Dogbane (Apocynum cannabinum) is the representative species for the dogbane family, Apocynaceae, which includes milkweeds and other plants that ooze sticky white sap ladened with poisonous alkaloids. Indeed, Apocynum translates to "poisonous to dogs," or "dog killer." Sap from dogbane is reported to have been used against ravenous feral dogs.
This is the time of the year when a close look at dogbane may reveal Dogbane Beetles; one of the most beautiful beetles found in Ohio. Indeed, the beetle's scientific name, Chrysochus auratus, loosely translates to "made of gold." This native beetle should be familiar to BYGL readers; it's one of my favorite insects and I post at least one report about it each year!
The gorgeous iridescent beetles display a captivating array of colors that change with slight changes in your viewing angle. True to their scientific name, they may look like gleaming droplets of gold, or glisten with multiple mixed shades of green, copper, blue, and red.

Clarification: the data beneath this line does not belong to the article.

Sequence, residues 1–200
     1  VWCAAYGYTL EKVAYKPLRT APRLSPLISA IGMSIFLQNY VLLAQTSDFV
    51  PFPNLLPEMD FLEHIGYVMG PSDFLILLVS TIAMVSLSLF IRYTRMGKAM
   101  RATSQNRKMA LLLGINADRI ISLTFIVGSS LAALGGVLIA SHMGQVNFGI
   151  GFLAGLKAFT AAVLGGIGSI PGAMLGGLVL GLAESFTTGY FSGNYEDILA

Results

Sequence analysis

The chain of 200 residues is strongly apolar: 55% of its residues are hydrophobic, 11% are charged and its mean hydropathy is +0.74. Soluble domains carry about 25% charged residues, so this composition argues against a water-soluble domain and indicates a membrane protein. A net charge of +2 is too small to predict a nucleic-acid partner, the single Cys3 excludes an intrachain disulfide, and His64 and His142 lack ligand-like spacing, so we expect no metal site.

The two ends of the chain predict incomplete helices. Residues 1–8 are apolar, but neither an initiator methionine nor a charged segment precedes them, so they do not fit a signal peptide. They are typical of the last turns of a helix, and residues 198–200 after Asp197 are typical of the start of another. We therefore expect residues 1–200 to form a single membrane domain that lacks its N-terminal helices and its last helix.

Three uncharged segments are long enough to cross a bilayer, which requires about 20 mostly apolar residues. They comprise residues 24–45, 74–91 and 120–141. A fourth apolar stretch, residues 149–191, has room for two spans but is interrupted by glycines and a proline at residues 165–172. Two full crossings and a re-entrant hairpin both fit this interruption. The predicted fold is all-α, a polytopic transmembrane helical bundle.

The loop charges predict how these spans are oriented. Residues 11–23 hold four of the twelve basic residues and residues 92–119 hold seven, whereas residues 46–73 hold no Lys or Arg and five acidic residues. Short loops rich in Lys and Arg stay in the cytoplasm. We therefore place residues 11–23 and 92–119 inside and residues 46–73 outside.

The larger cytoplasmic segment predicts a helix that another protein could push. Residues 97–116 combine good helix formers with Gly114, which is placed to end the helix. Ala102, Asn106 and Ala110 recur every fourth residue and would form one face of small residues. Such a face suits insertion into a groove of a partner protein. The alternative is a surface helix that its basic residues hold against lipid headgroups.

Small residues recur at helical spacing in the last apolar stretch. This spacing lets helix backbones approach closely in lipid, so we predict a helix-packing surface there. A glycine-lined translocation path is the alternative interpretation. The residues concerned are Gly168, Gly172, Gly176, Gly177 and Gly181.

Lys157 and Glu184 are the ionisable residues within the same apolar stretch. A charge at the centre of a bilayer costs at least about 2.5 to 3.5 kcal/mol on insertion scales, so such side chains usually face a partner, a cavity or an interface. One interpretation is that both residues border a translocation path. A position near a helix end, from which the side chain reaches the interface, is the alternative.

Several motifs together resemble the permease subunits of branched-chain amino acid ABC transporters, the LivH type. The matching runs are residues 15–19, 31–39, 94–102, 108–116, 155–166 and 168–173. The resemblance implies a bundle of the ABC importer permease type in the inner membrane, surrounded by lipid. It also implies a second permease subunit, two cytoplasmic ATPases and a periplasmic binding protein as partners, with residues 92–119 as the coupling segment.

The secret to the myriad display of colors can be found just below the surface of the exoskeleton. Beneath an outer translucent layer rests stacks of tiny slanting plates that cover color pigments. Light rays striking the surface of the plates are reflected as a shimmering sheen, while light rays that bounce off the pigments produce various colors. The result is a lustrous mix of ever-changing hews; a kaleidoscope of colors that are almost unmatched in the insect world.
Of course, the beetle's colorful display isn't meant to elicit "oohs and ahhs" from humans; it's meant to signal, "don't mess with me" to predators. Dogbane beetles ingest the poisonous alkaloids (cardiac glycosides) in dogbane sap, store the chemicals in specialized glands, and then they secrete the noxious chemical brew when threatened by predators. Their bright coloration advertises their nasty chemical defense strategy. Using bright colors to send a warning message to enemies is known as "aposematic coloration."